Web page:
Lewis, temporarily, teacher. Randal!
Sigh1; F. E. Parks. Jr., temporarily,
principal, Crrdozo Night: G. W. R. Ro
sier. laborer. Eastern High Community
Tenter; David Shanklin. janitor. Dun
jar High; Frederick Fitigerald. Jani
:or. New Central Night; John Coates,
Ireman, Old Central High School
Vight: Henry Robertson, fireman.
3usiness Night; John Newton.Jaborer,
Business Night: Herman Moxfe, la
>orer. Business Night; Madison Clark,
anitor. McKinley Night; M. V. But
er. caretaker. Barney School Night;
"itzhugh Dlck??rson. laborer, .Powell;
'dward Spers, for two days' service
endered; Annie Wilkerson; caretaker.
Congress Heights; Herman Mozie. la
iorer, Business High; Odell Robert -
on. laborer. Business High; John
lawkins. laborer, Dunbar High; John
'oates. laborer. Old Central High;
ladison Clark, assistant janitor. Mc
kinley High; Henry Robertson, la
orer. Business High: M. A. McMahon.
emporarily. appointment extended,
etcher. Woodburn: Ruth Denham.
ubstitute teacher. High schools: F. J.
>ouglass, temporarily, Dunbar Night,
rincipal: Mrs. L?eRoy A. Reynoldson,
F. Smith, Helen Perry. Beth Foss,
>aisy Fredley. Sarah Goldman. Mrs.
T. Miller. Margaret Hughey. Mrs.
:. R. Boughton. Mrs. U M. Cooper.
Irs. T. B. Martin. Mrs. H. W. Turely.
fargery Hutchinson, substitutes,
rade schools.
Promotions.?Mrs. P. T. Kirk,
IEILLY WHOLE SHOW,
IA1D CONWAY'S FATHER
Comedian with Liberty Girls' Com
pany Has Keen Sense of Humor.
Jack Conway the Irish comedian of
ziberty Girl's Company at the Gayety
'heater thitf week, is one of the best
nown men on the burlesque stage to
ay. Jack has made the character of
Tim Reilly" famous and loves to tell
his story of his father.
Conway's father is one of the old
chool of the real Irishmen, and nad
ever seen his son on the stage, in
JACK CONWAY.
ict, he had not been to a theater
or over twenty-five years, but when
onway played in Providence he wrote
> his father who is the village black
mlth in Fall River to come and see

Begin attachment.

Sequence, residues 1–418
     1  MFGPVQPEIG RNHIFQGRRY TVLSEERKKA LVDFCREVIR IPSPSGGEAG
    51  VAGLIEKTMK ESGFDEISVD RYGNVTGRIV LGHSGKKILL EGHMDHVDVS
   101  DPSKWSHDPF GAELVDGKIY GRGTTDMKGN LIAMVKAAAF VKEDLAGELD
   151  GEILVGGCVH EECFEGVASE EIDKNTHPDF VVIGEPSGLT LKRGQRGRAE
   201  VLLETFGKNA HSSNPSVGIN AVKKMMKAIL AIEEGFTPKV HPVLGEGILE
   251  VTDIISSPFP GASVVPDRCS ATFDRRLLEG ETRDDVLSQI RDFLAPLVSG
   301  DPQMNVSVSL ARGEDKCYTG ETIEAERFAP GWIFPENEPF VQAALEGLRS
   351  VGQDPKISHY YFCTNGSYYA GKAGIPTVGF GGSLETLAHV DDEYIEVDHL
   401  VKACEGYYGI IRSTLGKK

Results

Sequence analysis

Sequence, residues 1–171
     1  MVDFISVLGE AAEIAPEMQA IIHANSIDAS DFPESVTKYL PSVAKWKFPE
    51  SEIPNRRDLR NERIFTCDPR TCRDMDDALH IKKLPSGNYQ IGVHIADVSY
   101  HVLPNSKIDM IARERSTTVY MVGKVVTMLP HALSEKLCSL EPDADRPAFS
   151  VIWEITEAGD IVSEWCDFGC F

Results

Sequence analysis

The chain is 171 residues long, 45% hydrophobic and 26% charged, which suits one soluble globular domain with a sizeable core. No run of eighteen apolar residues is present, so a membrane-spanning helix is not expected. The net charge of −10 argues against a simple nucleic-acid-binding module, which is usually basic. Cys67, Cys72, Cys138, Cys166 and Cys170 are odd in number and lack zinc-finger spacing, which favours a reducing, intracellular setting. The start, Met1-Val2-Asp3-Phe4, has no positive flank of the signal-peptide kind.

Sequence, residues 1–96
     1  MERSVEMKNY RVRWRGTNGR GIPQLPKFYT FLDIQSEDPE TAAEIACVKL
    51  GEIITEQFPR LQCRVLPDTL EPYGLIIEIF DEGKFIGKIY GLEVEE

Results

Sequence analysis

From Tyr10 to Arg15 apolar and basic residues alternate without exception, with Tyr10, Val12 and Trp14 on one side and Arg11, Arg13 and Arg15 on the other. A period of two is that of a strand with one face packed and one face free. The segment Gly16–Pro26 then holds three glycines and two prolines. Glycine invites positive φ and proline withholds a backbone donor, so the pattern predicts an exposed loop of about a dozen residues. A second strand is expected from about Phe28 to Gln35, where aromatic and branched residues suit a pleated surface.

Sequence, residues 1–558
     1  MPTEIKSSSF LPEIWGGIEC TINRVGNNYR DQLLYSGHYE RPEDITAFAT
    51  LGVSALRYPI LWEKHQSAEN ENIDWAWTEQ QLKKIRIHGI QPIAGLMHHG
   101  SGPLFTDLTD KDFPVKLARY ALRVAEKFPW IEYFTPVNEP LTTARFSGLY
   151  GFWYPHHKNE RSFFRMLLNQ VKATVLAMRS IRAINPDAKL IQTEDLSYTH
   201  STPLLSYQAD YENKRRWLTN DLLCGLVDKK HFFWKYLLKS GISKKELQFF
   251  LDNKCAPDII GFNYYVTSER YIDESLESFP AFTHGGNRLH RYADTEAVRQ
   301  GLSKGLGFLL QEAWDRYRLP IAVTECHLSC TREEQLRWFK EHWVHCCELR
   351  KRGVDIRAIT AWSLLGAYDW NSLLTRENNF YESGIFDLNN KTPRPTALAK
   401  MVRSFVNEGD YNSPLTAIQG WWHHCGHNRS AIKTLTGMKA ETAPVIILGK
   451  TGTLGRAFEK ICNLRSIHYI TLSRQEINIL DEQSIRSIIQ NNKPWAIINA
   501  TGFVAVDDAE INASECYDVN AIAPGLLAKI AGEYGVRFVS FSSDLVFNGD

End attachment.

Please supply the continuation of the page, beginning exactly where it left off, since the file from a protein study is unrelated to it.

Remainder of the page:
lie show, so with a friend of his son's
e went to the show. He had no idea
ist what part his son took so when
fie quartet came on his friend
lought he would fool the old man.
He told him Jack was in the quar
it and the old man just shook his
ead and said: "Well, they fix up so I
an hardly tell him."
After the performance he w^nt back
) see Jack and in the course of the
onversation Conway asked his father
'hat he thought of him, and got this
eply: "Well. son. I don't want to
urt your feelings, but this man Reilly
i the whole show."
Jack Conway 1s a man of high honor
f intelligence with a keen sense of
umor. He is a plain, clean-living, eol
?ge-bred gentlemen and is one of the
tw men of his calling that will have
othing in his show that geuld not be
een or heard by a lady without of- j
mding her. He is at the Gayety thi?
reek starring In the Liberty Girls, one
f the best shcrws seen here this year.
iWMltt
la 1
CoprHght 10 is*
specting you two may be. however
loyal to your respective spousec, your
neighbors will not permit you to ride
over town alone with Mr. Rom!" j
"And yet, Jane, neither you nor I
I would ever object to the unwritten
laws of matrimony except that they
[ make us too self-conscious for any
human good!"
"Oh-h-hV I exclaimed, for there was
a revelation in Martha's remark, al- j
though it wasn't one I could tell her
about. She had explained many em
barrassments in my life as a bride.
Now I understood why my wedding
had "queered" some good friendships.
In my father's college there had
i been a teacher of esthetics, an artist,
' with whom I had had wonderful walk*
and talks. He was wild about color,
j and today, because of what he tausht
' me. I can find beauty in a sordid.
. smoky street. But my lessons ended
j with my marriage. I can never walk ;
lout in the woods with him aaain. >